Helping Children Cope With DivorceAdvice
One out of every two marriages in America ends in divorce. That fact doesn’t make it any easier for girls—and their parents—but it does mean that there are lots of other kids—and their parents—around who have made the kind of changes your family is facing now. If they could do it, you and your family can, too. Here are a few things to keep in mind:
Help your girl understand divorce is a process. It’s not over in a day or a week. It takes a long time. If you are in the middle of a divorce right now, your girl may be so upset she feels as if her head’s on fire. But that doesn’t mean she’ll feel like this forever. Time helps. Emotions cool. Situations change. And when you see positive changes happening and emotions lightening, gently point those moments out to your girl.
Divorce can’t erase the past. You and your partner may not love each other now, but you loved each other once. Your girl came from that love, and it lives on in her. Remind your girl of the love you have for her—and always will. Divorce doesn’t predict the future, either. Help your girl understand that divorce doesn’t determine who she is and what she can do in life.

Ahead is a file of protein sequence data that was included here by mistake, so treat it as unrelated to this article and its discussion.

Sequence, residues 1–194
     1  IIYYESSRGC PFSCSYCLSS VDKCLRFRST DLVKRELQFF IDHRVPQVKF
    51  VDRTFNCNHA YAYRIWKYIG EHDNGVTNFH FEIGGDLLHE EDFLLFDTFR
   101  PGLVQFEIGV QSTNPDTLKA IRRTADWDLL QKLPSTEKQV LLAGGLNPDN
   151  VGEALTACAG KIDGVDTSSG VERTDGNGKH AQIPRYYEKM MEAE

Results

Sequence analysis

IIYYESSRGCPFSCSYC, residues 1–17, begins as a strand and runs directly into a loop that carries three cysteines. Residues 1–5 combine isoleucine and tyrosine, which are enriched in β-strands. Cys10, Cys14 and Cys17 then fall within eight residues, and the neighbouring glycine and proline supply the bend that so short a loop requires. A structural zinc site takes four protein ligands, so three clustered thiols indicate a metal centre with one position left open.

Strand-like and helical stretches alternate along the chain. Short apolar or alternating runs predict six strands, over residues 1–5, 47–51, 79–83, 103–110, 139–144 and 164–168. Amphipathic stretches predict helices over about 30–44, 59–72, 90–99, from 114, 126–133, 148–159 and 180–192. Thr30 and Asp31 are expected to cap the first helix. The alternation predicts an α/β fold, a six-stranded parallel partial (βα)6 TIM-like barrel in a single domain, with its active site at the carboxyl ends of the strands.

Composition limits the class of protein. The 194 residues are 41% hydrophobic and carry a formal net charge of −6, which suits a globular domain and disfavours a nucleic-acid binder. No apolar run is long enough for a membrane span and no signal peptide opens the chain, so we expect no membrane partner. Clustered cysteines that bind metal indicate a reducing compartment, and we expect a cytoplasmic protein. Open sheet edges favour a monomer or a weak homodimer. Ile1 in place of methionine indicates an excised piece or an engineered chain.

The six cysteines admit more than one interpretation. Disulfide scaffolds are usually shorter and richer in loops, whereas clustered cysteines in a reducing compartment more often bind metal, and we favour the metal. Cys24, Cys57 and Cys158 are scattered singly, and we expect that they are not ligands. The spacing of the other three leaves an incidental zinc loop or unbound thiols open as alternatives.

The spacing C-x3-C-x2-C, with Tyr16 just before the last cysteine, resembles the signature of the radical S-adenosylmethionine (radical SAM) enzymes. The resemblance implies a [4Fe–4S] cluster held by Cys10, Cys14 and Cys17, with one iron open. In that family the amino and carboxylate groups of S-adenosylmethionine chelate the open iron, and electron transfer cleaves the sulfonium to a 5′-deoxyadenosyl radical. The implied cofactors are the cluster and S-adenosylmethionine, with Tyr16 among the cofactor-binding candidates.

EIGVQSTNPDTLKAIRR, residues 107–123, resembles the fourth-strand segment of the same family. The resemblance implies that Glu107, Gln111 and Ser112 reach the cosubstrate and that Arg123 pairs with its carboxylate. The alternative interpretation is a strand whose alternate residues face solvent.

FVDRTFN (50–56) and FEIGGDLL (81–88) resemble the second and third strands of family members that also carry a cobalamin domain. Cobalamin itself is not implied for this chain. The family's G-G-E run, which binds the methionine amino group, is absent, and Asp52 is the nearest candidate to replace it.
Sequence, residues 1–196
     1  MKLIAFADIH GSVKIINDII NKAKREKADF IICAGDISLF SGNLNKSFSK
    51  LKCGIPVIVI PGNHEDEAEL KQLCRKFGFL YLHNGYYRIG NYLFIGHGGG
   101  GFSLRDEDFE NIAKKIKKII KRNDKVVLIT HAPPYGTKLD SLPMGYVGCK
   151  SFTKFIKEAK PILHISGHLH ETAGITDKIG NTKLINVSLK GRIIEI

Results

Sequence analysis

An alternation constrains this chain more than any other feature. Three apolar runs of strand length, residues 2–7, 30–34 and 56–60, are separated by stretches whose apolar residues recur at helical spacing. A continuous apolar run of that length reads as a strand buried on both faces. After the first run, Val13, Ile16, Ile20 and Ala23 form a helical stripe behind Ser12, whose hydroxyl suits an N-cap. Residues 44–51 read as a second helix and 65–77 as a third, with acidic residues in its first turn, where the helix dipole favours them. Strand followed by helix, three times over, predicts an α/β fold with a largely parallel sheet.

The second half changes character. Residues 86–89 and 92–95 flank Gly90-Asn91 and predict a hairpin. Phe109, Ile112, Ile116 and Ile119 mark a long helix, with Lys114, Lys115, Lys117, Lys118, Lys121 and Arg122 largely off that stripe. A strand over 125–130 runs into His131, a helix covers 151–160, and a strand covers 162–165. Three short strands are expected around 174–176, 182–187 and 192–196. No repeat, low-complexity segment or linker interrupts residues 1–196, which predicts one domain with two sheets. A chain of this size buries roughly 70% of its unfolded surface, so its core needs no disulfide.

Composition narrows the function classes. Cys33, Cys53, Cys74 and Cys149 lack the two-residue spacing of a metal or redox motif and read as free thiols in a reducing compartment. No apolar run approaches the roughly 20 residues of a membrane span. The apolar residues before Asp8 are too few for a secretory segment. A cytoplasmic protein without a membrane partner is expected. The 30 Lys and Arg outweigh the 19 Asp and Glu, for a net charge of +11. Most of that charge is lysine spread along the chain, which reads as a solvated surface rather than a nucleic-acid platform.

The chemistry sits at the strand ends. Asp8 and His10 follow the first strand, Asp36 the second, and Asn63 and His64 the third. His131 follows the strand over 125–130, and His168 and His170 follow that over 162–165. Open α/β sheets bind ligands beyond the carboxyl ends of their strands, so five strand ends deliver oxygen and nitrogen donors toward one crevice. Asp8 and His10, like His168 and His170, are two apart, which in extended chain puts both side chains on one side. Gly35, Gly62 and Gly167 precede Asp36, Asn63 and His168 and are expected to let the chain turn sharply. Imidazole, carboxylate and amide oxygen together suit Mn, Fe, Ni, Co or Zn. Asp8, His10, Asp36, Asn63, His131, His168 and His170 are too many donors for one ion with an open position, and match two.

Whether you split up last week or five years ago, if something is on your girl’s mind, encourage her to say so. Get her to talk to you or her siblings. Point her to a trusted adult—a favorite cousin, her Aunt Sue, her best friend’s mom or dad. Talk to her teacher or a counselor at school, and see if your girl can check in with them from time to time. Talking makes all of us feel better—simple as that. It relieves bad feelings. It helps your girl figure out what she thinks, and it will help her to heal.
Adapted from A Smart Girl’s Guide to Her Parents’ Divorce, by Nancy Holyoke. American Girl Publishing, 2009. All rights reserved.
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